You can enjoy casado all over Costa Rica. Small, roadside cafés (sodas) offer the most authentic casado in the country. In San José, head to the Central Market to find traditional, affordable, and delicious casado.


Arreglados are popular meat-filled sandwiches. Instead of bread, arreglados are served on puff-pastry made of Masa (corn flower). Arreglados typically include meat, lettuce, tomato, cheese, and mustard. But, like casado, the ingredients of an arreglado depends on the chef’s preferences.
The Central Market is the place to find traditional food in San José. While you are strolling through this market, make sure you visit the Soda Tipica stall. Here you can enjoy a variety of Costa Rican dishes, including arreglados.


Pejibayes are a tropical fruit that grows on Costa Rican palm trees. The vibrant pejibayes are packed with nutrients. Besides their health benefits, pejibaynes are juicy and delicious. From September-April you can find this popular snack at farmer’s markets, fruit stands, and grocery stores.
Pejibayes are often boiled and served with lime and mayonnaise. This exotic delicacy is also made into cakes, soups, and liquor.
If you are visiting in October, consider taking a day trip from San Jose to Tucurrique. This small town hosts an annual Pejibaye Festival. Enjoy parades, dancing, and treats while you learn more about this unique fruit.


Coffee is synonymous with Costa Rica. There are countless coffee plantations throughout the Central Valley. And in the capital city of San José, the 3rd-wave coffee movement is gaining momentum.
Most San José cafés, like Cafeoteca and Café del Barista, serve brews from the country’s 8 coffee regions. Speak with knowledgeable baristas about the coffee growing, roasting, and brewing process.
Chorreadors are the traditional wooden devices used to brew Costa Rican coffee. Hot water is poured through a cloth filter filled with coffee grounds. Many of the city’s cafés use chorreadors to prepare their coffee.


Chicharrones are a popular crispy, fried snack. Typically made from pork ribs, this satisfying treat is often eaten with lime, yucca, and rangpur (a citrus fruit).Another essential component of chifrijo are Chicharrones.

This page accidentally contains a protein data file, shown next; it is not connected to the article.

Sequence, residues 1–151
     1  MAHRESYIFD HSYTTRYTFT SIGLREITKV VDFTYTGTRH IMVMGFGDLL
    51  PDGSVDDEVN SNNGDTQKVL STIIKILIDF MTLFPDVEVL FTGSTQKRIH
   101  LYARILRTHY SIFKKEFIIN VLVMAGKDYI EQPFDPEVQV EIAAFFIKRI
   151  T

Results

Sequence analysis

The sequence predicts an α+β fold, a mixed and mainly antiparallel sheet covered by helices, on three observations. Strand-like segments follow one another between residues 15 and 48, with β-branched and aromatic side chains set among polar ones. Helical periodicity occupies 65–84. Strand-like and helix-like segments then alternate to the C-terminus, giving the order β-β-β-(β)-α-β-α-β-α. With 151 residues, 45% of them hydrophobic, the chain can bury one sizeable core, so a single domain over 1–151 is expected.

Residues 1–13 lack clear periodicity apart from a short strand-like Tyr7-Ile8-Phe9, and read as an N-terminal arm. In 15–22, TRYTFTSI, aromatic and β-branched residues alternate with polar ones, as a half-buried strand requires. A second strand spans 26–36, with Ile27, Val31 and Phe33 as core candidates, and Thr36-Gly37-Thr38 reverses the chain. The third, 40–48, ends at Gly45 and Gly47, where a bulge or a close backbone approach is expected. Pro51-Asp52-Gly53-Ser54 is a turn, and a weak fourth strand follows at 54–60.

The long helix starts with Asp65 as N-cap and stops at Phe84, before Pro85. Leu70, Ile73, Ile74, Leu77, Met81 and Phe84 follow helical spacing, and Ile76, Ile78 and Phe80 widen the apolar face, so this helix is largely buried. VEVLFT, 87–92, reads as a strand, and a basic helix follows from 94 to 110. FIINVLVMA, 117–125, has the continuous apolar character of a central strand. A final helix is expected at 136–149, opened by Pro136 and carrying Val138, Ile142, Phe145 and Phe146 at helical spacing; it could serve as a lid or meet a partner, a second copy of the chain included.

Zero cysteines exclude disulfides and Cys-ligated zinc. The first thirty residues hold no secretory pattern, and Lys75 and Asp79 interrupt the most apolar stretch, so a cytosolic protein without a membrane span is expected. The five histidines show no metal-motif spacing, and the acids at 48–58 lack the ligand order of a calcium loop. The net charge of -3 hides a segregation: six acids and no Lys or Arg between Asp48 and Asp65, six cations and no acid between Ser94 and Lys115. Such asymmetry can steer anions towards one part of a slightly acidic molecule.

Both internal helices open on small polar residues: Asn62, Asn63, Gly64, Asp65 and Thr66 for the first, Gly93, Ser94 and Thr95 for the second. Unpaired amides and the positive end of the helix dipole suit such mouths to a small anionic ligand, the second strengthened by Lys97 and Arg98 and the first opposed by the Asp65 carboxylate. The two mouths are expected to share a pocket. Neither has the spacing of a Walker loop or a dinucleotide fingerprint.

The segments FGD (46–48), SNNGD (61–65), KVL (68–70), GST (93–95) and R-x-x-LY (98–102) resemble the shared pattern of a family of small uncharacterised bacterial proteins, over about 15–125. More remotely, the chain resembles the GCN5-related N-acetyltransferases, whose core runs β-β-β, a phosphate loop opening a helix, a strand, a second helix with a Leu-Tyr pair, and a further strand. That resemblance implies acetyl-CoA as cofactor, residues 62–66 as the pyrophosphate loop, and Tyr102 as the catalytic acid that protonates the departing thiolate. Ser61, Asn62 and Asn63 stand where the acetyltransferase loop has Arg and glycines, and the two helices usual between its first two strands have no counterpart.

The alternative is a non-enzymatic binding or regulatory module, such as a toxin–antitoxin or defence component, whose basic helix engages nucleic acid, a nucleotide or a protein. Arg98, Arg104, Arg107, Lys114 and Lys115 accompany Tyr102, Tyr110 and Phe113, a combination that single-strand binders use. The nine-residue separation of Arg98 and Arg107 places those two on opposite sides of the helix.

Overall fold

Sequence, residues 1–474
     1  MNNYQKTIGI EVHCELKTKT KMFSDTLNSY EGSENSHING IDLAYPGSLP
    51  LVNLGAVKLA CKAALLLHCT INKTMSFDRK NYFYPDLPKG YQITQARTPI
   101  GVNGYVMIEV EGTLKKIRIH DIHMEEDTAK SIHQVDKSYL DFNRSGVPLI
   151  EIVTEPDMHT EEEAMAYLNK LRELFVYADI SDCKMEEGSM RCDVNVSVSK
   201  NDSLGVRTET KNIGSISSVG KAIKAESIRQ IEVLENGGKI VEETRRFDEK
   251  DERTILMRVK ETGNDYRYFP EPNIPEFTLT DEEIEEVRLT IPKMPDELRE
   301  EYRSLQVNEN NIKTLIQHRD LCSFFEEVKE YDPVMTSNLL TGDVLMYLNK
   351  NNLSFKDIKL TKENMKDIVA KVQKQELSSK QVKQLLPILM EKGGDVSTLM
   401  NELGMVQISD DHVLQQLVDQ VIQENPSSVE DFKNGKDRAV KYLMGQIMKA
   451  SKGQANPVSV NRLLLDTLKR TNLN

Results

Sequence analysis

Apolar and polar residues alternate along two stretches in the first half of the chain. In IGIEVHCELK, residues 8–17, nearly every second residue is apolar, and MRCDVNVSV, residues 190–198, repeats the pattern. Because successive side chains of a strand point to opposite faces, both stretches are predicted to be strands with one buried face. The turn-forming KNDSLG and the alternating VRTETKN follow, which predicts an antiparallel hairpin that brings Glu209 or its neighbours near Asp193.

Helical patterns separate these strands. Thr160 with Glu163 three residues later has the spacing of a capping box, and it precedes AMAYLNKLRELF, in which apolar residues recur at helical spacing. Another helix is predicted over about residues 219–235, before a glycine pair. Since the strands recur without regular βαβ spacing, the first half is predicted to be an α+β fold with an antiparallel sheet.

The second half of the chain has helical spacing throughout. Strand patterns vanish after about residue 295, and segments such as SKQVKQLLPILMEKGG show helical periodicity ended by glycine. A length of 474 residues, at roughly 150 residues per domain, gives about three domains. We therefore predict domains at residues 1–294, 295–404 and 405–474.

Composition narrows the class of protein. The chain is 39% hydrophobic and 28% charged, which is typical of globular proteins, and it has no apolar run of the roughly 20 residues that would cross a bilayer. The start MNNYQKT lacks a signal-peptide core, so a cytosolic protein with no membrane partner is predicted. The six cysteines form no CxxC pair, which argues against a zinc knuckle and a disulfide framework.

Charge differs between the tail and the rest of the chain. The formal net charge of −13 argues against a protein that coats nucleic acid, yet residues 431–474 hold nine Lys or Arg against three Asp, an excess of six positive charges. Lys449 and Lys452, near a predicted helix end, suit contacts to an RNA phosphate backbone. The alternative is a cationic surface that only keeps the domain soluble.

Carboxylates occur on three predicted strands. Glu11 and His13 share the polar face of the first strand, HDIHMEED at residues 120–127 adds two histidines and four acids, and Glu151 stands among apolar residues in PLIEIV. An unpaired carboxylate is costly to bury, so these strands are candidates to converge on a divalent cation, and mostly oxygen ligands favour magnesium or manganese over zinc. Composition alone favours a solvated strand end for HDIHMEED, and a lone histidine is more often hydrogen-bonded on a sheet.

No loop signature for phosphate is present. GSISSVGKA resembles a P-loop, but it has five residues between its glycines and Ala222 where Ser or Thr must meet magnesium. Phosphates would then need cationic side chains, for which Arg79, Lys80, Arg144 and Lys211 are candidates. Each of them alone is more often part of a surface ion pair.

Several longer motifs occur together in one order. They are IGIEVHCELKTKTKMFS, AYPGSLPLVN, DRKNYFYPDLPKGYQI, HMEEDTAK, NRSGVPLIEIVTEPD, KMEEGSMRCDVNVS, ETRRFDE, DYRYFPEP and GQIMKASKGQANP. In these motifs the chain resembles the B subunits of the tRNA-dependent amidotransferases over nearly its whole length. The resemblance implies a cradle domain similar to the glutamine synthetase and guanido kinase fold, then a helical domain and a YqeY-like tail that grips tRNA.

You can enjoy chicharrones all year long, but they are heavily associated with holiday celebrations and parties.
If you are visiting during December, take a trip to the Puriscal Chicharrones Fair. This town is about 15 miles outside of San José. Bring your appetite for fried food. In addition to the delicious snacks, this festival offers live music and parades.

Gallo Pinto

The classic Costa Rican breakfast dish, gallo pinto, is traditionally made with rice and beans. But, each chef puts their own spin on this simple dish. You might find this served with onion, celery, eggs, and meat.
You can order gallo pinto all over San José, as it is served in Hotel buffets, soda shops and restaurants. Tortilla y Cafe is one of the city’s most popular spots serving this authentic Costa Rican breakfast.

Arroz con Leche

Arroz con leche translates to “rice with milk.” But this sweet, sticky dessert is more delicious than the simple name suggests.
This rice pudding always contains cinnamon and often includes raisins. You can enjoy this dish warm or cold. This is a popular dessert to make at home, but many San José restaurants also serve this delicious treat.


Chifrijo is a dish with pork (often chicharrones), pico de gallo, rice, beans, tortillas, and lemon. This is a popular bar snack that is perfect to share with friends.
For an authentic experience, visit La Oveja Negra. This relaxed San José bar offers a wide selection of local beers in addition to traditional snacks, like chifrijo.


Patacones, or fried plantains, are a popular food in Costa Rica. Although they may seem simple, these sweet golden rounds are incredibly satisfying.